6. Bretherton, F. P., 1966: Critical layer instability in baroclinic flows. Quart. J. Roy. Meteor. Soc., 92, 325–334.CrossRefGoogle Scholar
  7. Hewson, T. D., 1997: Objective identification of frontal wave cyclones. Meteor. Appl., 4, 311–315.CrossRefGoogle Scholar
  8. —, 1998: Objective fronts. Meteor. Appl., 5, 37–65.CrossRefGoogle Scholar
  9. Hoskins, B. J., and F. P. Bretherton, 1972: Atmospheric frontogenesis models: Mathematical formulation and solution. J. Atmos. Sci., 29, 11–37.CrossRefGoogle Scholar
  10. -, M. E. McIntyre, and A. Robertson, 1985: On the use and significance of isentropic potential vorticity maps. Quart. J. Roy. Meteor. Soc., 111, 877–946.CrossRefGoogle Scholar
  11. Koch, S. E., M. DesJardins, and P. S. Kocin, 1983: An iterative Barnes objective map analysis scheme for use with satellite and conventional data. J. Climate Appl. Meteor., 22, 1487–1503.CrossRefGoogle Scholar
  12. Mass, C. F., 1991: Synoptic frontal analysis: Time for a reassessment? Bull. Amer. Meteor. Soc., 72, 348–363.CrossRefGoogle Scholar
  13. Morgan, G. M., Jr., D. G. Brunkow, and R. C. Beebe, 1975: Climatology of surface fronts. Illinois State Water Survey Circular 122, Dept. of Registration and Education, Urbana, IL, 46 pp.Google Scholar
  14. Namias, J., 1983: The history of polar front and air mass concepts in the United States—An eyewitness account. Bull. Amer. Meteor. Soc., 64, 734–755.Google Scholar
  15. O’Handley, C., and L. F. Bosart, 1996: The impact of the Appalachian Mountains on cyclonic weather systems. Part I: A climatology. Mon. Wea. Rev., 124, 1353–1373.CrossRefGoogle Scholar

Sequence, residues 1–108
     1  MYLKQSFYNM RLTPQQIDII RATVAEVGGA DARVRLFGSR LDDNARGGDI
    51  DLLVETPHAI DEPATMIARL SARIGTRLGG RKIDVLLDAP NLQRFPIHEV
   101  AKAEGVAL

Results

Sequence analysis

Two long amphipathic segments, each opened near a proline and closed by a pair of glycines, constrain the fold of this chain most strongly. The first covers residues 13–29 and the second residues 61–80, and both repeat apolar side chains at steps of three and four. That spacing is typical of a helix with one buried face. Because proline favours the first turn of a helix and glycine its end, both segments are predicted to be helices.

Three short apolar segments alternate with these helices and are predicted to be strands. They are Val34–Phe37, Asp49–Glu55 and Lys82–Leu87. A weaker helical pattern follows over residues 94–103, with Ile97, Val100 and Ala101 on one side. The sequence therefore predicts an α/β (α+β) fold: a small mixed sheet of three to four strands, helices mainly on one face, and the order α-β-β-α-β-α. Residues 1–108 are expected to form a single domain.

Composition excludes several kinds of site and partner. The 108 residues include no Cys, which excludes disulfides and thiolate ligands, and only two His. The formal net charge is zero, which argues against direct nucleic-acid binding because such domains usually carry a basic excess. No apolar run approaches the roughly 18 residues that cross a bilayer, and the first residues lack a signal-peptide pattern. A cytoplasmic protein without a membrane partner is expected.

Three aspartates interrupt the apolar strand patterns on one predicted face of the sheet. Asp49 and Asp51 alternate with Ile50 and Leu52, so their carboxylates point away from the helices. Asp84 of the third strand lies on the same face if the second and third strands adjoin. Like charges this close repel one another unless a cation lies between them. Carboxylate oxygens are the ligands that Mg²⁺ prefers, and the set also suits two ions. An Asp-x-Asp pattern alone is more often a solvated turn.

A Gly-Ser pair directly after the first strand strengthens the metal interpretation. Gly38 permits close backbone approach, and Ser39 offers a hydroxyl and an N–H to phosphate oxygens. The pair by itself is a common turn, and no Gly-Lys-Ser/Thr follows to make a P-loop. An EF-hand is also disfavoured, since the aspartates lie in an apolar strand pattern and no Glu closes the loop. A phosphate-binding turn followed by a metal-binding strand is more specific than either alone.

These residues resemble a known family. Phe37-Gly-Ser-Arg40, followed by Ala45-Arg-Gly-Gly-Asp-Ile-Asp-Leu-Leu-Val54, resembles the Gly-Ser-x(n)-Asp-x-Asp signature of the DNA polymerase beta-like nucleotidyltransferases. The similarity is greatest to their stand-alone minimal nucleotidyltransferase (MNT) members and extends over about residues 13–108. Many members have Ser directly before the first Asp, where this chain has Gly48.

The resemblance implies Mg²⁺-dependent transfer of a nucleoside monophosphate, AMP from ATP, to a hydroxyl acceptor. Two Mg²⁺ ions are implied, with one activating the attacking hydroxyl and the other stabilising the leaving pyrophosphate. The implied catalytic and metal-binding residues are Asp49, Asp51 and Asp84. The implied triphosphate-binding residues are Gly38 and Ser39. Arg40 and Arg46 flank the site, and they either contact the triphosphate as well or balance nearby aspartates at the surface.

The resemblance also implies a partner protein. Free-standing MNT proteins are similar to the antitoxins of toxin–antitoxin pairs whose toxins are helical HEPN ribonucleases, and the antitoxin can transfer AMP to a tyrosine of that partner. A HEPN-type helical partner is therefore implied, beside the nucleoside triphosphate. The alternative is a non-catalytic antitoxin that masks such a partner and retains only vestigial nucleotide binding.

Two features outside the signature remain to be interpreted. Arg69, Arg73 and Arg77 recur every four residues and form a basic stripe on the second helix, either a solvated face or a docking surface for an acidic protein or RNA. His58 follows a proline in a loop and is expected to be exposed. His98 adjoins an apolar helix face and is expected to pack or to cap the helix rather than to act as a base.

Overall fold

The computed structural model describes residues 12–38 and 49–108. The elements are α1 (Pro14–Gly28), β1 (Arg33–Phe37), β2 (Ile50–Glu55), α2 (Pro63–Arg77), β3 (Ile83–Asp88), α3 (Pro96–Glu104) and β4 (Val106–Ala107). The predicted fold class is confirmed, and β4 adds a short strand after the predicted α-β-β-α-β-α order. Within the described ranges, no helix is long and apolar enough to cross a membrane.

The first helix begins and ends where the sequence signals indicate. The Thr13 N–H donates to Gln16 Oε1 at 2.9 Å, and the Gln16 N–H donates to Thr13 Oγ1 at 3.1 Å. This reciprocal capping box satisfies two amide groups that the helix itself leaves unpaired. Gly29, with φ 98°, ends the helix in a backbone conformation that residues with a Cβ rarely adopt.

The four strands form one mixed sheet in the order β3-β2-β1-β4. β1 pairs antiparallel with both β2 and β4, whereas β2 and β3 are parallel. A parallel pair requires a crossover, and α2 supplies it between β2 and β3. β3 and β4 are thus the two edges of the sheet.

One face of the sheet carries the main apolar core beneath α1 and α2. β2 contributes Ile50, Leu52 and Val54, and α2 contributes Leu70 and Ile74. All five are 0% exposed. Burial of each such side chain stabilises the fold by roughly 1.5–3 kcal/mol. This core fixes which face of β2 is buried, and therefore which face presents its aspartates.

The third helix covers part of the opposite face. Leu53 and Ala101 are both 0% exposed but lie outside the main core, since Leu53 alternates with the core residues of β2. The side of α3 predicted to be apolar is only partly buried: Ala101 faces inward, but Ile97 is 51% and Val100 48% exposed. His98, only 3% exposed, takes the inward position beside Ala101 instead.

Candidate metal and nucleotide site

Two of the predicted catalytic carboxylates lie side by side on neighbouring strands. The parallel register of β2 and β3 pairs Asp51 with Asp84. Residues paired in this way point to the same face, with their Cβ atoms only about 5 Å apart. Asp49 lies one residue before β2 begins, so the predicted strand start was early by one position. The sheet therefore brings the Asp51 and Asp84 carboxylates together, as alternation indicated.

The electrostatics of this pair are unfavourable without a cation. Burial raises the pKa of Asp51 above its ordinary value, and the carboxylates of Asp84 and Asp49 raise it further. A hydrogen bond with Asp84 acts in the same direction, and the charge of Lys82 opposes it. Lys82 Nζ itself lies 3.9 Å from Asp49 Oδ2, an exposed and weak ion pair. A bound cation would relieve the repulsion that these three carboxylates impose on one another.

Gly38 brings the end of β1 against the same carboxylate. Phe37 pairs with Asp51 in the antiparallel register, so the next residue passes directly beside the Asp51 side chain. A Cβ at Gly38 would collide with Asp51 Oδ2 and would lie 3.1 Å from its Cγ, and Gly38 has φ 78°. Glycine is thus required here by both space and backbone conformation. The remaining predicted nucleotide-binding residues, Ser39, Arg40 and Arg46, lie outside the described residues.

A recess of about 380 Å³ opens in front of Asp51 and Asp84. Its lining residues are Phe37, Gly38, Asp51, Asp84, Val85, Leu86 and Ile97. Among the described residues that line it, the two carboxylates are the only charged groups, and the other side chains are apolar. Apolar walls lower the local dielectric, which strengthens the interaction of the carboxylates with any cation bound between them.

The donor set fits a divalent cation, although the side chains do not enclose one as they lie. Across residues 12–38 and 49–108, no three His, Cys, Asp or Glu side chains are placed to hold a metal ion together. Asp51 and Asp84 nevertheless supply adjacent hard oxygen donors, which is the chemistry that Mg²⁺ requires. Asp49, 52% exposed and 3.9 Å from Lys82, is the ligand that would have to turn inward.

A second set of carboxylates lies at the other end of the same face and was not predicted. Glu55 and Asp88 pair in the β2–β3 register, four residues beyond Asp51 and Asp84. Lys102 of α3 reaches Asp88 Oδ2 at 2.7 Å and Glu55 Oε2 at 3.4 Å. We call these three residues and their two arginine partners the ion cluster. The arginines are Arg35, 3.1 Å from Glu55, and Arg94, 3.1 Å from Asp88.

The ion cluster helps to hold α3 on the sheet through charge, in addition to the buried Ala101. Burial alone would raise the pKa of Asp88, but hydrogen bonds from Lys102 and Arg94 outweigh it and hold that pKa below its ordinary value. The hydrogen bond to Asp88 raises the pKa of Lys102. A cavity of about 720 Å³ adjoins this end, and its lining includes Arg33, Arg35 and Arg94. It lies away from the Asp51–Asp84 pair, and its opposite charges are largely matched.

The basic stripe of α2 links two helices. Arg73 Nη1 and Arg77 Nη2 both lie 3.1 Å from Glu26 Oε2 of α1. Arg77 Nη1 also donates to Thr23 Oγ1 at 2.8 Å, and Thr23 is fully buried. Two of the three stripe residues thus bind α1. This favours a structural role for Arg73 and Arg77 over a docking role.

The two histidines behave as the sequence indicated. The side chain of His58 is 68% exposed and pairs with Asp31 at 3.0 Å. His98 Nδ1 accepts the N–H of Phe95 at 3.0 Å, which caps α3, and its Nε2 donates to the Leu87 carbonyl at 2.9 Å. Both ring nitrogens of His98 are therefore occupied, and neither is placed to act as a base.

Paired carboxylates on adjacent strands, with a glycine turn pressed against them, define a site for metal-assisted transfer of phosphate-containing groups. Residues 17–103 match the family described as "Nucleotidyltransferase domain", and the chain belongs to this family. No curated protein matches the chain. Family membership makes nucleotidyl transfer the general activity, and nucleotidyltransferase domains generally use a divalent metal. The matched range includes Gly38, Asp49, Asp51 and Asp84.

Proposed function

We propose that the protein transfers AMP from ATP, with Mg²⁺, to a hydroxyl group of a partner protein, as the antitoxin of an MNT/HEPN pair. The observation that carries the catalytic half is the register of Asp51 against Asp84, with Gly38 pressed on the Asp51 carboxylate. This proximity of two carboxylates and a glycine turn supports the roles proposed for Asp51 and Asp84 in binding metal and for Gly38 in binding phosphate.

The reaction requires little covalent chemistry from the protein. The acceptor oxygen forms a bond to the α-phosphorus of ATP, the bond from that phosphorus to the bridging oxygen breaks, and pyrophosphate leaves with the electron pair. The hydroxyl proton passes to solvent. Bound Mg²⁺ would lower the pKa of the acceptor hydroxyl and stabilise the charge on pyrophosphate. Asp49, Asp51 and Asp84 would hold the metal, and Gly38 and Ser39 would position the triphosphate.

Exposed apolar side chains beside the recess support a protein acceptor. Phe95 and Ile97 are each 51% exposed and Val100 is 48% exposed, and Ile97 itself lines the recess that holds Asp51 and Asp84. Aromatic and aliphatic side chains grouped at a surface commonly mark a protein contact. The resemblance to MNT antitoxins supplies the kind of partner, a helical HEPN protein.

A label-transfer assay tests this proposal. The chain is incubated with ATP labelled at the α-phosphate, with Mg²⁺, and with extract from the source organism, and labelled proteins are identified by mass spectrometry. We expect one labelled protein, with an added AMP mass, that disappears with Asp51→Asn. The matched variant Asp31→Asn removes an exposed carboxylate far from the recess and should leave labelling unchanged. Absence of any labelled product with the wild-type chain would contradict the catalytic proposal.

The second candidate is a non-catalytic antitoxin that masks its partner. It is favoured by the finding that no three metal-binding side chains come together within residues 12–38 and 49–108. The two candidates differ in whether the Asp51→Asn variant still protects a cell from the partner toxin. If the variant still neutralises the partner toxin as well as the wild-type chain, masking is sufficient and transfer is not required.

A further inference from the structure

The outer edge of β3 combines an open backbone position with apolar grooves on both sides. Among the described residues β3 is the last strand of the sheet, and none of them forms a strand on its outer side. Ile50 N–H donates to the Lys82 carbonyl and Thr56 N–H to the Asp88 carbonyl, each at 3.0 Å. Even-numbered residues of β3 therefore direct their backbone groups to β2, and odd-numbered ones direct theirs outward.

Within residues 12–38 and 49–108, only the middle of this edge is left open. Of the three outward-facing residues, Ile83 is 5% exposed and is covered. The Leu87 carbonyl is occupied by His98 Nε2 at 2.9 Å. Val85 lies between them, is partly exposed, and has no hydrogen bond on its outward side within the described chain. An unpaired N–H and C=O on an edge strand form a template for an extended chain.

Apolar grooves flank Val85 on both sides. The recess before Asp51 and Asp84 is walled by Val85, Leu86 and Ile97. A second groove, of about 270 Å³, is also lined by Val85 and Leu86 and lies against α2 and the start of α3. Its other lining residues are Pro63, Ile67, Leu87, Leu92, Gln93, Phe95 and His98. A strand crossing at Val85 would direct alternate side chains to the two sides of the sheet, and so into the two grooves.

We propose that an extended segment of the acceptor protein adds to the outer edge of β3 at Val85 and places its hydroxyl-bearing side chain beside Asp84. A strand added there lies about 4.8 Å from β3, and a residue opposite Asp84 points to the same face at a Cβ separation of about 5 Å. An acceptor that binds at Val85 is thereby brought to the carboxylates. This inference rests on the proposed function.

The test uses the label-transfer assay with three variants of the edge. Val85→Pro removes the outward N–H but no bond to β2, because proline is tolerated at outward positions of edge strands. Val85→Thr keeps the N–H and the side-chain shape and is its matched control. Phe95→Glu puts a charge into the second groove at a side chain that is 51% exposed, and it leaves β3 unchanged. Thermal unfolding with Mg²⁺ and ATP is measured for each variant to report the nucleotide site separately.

16. Petterssen, S., 1940: Weather Analysis and Forecasting. 1st ed. Mc-Graw-Hill, 503 pp.Google Scholar
  17. Sanders, F., 1999: A proposed method of surface map analysis. Mon. Wea. Rev., 127, 945–955.CrossRefGoogle Scholar
  18. -, and C. A. Doswell, 1995: A case for detailed surface analysis. Bull. Amer. Meteor. Soc., 76, 505–521.CrossRefGoogle Scholar
  19. -, and E. G. Hoffman, 2002: A climatology of surface baroclinic zones. Wea. Forecasting, 17, 774–782.CrossRefGoogle Scholar
  20. Schumacher, P. N., D. J. Knight, and L. F. Bosart, 1996: Frontal interaction with the Appalachian Mountains. Part I: A climatology. Mon. Wea. Rev., 124, 2453–2468.CrossRefGoogle Scholar
  21. Steenburgh, W. J., and T. R. Blazek, 2001: Topographic distortion of a cold front over the Snake River plain and central Idaho mountains. Wea. Forecasting, 16, 301–314.CrossRefGoogle Scholar
  22. Uccellini, L. W., S. F. Corfidi, N. W. Junker, P. J. Kocin, and D. A. Olson, 1992: Report on the Surface Analysis Workshop held at the National Meteorological Center, 25–28 March 1991. Bull. Amer. Meteor. Soc., 73, 459–473.Google Scholar
  23. Wallace, J. M., and P. V. Hobbs, 1977: Atmospheric Science: An Introductory Survey. Academic Press, 467 pp.Google Scholar

Copyright information

© American Meteorological Society 2008

Authors and Affiliations

  1. 1.Department of Chemical, Earth, Atmospheric, and Physical SciencesPlymouth State UniversityPlymouthUSA

Personalised recommendations